His lectures were very funny. He was a great presenter and I never fell asleep in his class. For one lecture, he brought in Robin Pinkley. She is my negotiations teacher right now. But in Mel's class, she discussed negotiating your salary. I didn't like it at the time, but now that I look back, it was a cool lecture. That class and the rave reviews of her negotiations class are the reasons I'm taking her class now.
Another lecture I really enjoyed was his presentation on leadership. He had us read a few articles besides the chapter in the textbook. I remember writing down a few notes on that subject. It was from that lecture that I decided to take the leadership class. Hopefully they will offer it this summer and I can take it.
I don't remember what we did for the final. I think it was an open book final, but the book really wouldn't help us if we didn't study beforehand. Overall, it was a good class. I got an A- in it.
Spring 2006 Update
Negotiations was last night. We did the Working Women case. I was the seller ... we were trying to sell 100 episodes of a popular sit-com to some local TV stations in Chicago. My partner was pretty level-headed and proved to be a really good negotiator (in my opinion). She just looked like a negotiator. She was very cool and calm. The two opposite of us were good to work with. The one guy reminded me a little of Johnny Weir (since the Olympics are on right now). We were shooting for $2.5 million net. We started off with an offer a little above that. We finally had to work with the other team and ended up with just over $2 million. We weren't going to settle for anything below two mil. The negotiation took almost the whole time. Robin didn't even get a chance to lecture.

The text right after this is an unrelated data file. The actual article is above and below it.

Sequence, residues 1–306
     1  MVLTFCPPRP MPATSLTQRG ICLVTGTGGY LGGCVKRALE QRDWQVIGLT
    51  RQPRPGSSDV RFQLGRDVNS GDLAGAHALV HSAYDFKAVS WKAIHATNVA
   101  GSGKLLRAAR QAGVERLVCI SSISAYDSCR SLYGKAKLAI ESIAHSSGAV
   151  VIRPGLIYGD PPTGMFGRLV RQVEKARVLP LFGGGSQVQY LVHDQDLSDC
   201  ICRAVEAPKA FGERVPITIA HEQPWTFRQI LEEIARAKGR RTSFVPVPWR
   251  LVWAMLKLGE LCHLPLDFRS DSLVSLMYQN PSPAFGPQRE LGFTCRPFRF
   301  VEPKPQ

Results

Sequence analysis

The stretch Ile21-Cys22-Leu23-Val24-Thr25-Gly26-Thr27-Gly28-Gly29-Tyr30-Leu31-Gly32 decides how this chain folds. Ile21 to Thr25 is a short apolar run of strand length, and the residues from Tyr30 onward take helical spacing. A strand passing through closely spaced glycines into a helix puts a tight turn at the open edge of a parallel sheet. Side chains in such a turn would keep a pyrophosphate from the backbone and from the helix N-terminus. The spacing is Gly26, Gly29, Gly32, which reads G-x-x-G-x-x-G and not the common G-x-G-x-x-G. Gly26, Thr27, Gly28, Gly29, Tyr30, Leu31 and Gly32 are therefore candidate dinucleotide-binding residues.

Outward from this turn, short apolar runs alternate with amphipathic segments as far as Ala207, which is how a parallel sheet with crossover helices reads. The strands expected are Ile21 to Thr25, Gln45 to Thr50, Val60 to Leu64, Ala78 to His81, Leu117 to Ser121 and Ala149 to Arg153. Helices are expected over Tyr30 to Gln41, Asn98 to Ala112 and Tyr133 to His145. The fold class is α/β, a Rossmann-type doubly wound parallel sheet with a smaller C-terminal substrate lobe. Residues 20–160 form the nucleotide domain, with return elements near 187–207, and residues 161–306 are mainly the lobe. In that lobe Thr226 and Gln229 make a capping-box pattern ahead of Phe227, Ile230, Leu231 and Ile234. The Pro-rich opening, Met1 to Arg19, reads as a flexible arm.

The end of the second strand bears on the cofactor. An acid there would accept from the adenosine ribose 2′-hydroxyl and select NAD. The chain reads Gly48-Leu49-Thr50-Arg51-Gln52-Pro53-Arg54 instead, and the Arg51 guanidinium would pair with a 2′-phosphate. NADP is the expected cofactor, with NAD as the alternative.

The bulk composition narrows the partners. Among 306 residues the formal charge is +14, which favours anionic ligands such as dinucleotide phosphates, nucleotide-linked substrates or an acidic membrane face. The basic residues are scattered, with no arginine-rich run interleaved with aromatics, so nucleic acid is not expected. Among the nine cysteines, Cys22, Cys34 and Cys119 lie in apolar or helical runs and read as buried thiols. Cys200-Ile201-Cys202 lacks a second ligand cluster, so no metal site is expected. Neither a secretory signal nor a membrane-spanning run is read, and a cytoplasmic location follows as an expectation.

Modeling ... I still need to find some credit data. I'll be doing that while I'm working on a server build today.
I didn't play chess last night. Yesterday, I was poking around all the chess blogs out there. I was curious why Man de la Maza named his blog as such. His whole blog has a quixotic theme to it. So part of my day yesterday I was reading up on the history of Cervantes novel Don Quixote. I found that it is considered by many to be the best novel ever written. When I was at BYU, I'd walk down the halls of the JKHB and see all these posters about Don Quixote. I always thought it was just some obscure old novel ... never really paid much attention to it. But after reading about it yesterday, I thought that I might be interested in reading the actual book. So I took some money I received from my birthday and bought Edith Grossman's translation of Don Quixote. I also bought another book that I had heard was really good ... The Life of Pi by Yann Martel. After class last night, I made my lunch, watched a little TV and then delved into Quixote. Judging by its size, I think I'll finish right about the time I'm done with school and just in time to follow in the footsteps of Man de la Maza ... which, by the way, is a play on words of the play Man of La Mancha which is based on Don Quixote.
The 2/16/06 chessgames.com puzzle ... 57. ...? Well ... I see that the black bishop can fork the two white rooks ... don't know how that could be done successfully. Maybe Rg3+ will allow the bishop to be placed at d4. How about this ... Rxd5+ 58. cxd5 Rg3+ 59. Kc2 Bd4 ... that doesn't make a whole lot of sense ... the fork can be easily broken.
The answer is Rg3+ 58. Kc2 Rg2+ 59. Kb1 Rxb2+ 60. Kxb2 Rxd5 0-1. OK! Not so bad. I had the right idea, but just needed more time to adjust how to accomplish it. I don't take more than 3 or 4 minutes on these puzzles.
Today I don't have class. If I get my credit data today, then maybe I'll have more time to play chess (or read Quixote).